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The Ocean
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Layers of the Ocean

Layers of the Ocean - click to enlargeJust as the atmosphere is divided into layers the ocean consists of several layers itself. 

Epipelagic Zone
This surface layer is also called the sunlight zone and extends from the surface to 660 feet (200 m). It is in this zone that most of the visible light exists. With the light comes heating from sun. This heating is responsible for wide change in temperature that occurs in this zone, both in the latitude and each season. The sea surface temperatures range from as high as 97°F (36°C) in the Persian Gulf to 28°F (-2°C) near the north pole.

The sea surface temperature also "follows the sun". From the earth's perspective, the sun's position in the sky moves higher each day from winter to summer and lower each day from summer to winter. This change in the sun's position from winter to summer means that more energy is reaching the ocean and therefore warms the water.

Following are several loops over various periods showing the north-south migration of temperature each month:

Sea surface temperature loops

Interaction with the wind keeps this layer mixed and thus allows the heating from the sun to be distributed vertically. At the base of this mixing layer is the beginning of the thermocline. The thermocline is a region where water temperature decreases rapidly with increasing depth and transition layer between the mixed layer at the surface and deeper water.

Typical seawater temperature profile with increasing depthThe depth and strength of the thermocline varies from season to season and year to year. It is strongest in the tropics and decrease to non-existent in the poler winter season.

Mesopelagic Zone
Below the epipelagic zone is the mesopelagic zone, extending from 660 feet (200 meters) to 3,300 feet (1,000 meters). The mesopelagic zone is sometimes referred to as the twilight zone or the midwater zone as sunlight this deep is very faint. Temperature changes the greatest in this zone as this is the zone with contains the thermocline.

Because of the lack of light, it is within this zone that bioluminescence begins to appear on life. The eyes on the fishes are larger and generally upward directed, most likely to see silhouettes of other animals (for food) against the dim light.

Bathypelagic Zone
The depths from 3,300 - 13,100 feet (1,000-4,000 meters) comprise the bathypelagic zone. Due to its constant darkness, this zone is also called the midnight zone. The only light at this depth (and lower) comes from the bioluminescence of the animals themselves.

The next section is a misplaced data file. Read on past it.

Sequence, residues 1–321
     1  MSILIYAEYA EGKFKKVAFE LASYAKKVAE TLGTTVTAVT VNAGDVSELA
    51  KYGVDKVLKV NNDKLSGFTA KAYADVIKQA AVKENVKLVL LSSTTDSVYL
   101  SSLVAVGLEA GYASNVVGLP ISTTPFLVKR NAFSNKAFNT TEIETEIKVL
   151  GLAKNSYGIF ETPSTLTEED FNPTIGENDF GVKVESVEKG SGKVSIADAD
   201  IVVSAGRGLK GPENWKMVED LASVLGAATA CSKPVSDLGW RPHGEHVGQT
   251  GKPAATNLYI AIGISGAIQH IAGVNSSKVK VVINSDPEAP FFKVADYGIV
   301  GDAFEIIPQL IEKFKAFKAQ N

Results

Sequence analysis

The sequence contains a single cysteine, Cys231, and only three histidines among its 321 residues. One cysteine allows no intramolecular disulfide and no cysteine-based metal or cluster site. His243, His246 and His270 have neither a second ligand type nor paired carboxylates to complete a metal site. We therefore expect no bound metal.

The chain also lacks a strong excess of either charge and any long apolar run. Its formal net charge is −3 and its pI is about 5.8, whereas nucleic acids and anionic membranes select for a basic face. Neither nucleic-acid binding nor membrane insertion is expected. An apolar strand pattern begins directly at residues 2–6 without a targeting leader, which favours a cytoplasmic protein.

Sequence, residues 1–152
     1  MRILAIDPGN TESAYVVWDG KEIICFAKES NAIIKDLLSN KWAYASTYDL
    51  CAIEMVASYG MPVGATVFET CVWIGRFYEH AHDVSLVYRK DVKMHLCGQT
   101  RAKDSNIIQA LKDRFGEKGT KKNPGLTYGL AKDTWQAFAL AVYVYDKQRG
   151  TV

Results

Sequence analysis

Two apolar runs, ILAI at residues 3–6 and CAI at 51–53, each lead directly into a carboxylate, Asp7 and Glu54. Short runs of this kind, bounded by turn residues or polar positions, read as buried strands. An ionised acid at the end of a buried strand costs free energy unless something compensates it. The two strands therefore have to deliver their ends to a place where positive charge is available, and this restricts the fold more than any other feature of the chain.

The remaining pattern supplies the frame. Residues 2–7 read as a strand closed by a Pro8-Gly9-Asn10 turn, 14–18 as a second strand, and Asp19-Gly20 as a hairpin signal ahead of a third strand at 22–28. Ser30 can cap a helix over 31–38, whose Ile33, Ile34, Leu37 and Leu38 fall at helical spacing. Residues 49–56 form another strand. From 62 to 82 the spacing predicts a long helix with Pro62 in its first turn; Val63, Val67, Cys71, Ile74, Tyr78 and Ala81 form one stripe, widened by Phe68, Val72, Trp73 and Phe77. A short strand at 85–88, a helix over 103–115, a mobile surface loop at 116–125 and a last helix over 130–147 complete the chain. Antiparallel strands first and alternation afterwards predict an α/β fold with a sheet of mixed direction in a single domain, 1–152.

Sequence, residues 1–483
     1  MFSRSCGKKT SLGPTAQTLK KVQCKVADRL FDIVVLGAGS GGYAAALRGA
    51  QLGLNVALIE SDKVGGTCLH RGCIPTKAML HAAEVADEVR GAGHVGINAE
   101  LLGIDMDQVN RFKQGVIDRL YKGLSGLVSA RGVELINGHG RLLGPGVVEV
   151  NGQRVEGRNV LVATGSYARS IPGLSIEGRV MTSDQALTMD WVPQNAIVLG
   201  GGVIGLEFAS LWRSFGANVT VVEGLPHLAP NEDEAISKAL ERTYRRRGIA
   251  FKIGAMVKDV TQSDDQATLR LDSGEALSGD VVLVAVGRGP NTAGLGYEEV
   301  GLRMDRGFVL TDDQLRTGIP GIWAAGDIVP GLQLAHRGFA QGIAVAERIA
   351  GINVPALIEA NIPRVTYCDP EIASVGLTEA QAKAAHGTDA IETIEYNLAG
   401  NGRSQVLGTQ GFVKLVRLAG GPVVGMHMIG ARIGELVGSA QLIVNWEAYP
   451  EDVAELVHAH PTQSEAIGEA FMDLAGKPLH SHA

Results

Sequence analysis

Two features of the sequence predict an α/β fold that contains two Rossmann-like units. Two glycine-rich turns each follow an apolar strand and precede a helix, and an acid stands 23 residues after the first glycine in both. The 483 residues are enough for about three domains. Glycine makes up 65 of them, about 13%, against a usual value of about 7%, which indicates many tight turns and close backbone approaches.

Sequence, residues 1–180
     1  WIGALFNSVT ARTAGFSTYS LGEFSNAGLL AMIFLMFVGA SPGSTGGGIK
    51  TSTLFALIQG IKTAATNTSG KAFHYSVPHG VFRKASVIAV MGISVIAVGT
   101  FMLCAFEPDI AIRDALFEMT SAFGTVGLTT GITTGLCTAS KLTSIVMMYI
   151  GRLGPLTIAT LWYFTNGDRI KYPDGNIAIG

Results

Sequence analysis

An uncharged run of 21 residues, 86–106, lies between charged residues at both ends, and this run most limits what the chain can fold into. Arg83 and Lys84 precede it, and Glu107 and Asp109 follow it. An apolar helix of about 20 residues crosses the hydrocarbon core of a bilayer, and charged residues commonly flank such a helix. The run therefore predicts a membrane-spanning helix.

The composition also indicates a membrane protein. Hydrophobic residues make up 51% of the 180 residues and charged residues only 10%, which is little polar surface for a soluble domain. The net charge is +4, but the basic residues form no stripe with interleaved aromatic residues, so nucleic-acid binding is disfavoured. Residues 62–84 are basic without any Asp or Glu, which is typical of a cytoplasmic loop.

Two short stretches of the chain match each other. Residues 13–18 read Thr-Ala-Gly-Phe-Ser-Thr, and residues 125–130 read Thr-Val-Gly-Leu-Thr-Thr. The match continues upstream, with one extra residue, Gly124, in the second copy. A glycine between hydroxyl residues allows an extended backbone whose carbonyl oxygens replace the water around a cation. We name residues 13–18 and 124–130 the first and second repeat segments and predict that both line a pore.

The temperature in the bathypelagic zone, unlike that of the mesopelagic zone, is constant. The temperature never fluctuates far from a chilling 39°F (4°C). The pressure in the bathypelagic zone is extreme and at depths of 13,100 feet (4,000 meters), reaches over 5850 pounds per square inch! Yet, sperm whales can dive down to this level in search of food.

Abyssopelagic Zone
The Abyssopelagic Zone (or abyssal zone) extends from 13,100 feet (4,000 meters) to 19,700 feet (6,000 meters). It is the pitch-black bottom layer of the ocean. The name (abyss) comes from a Greek word meaning "no bottom" because they thought the ocean was bottomless. Three-quarters of the area of the deep-ocean floor lies in this zone. The water temperature is constantly near freezing and only a few creatures can be found at these crushing depths. The deepest a fish have ever been found was in the Puerto Rico Trench at 27,460 feet (8372 meters).

Hadalpelagic Zone
The deepest zone of the ocean, the hadalpelagic zone extends from 19,700 feet (6,000 meters) to the very bottom at 35,797 feet (10,911 meters) in the Mariana Trench off the coast of Japan. The temperature is constant at just above freezing. The weight of all the water over head in the Mariana Trench is over 8 tons per square inch (the weight of 48 Boeing 747 jets).

Even at the very bottom life exists. In 2005, tiny single-celled organisms, called foraminifera, a type of plankton, were discovered in the Challenger Deep trench southwest of Guam in the Pacific Ocean.
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Updated: March 29, 2006
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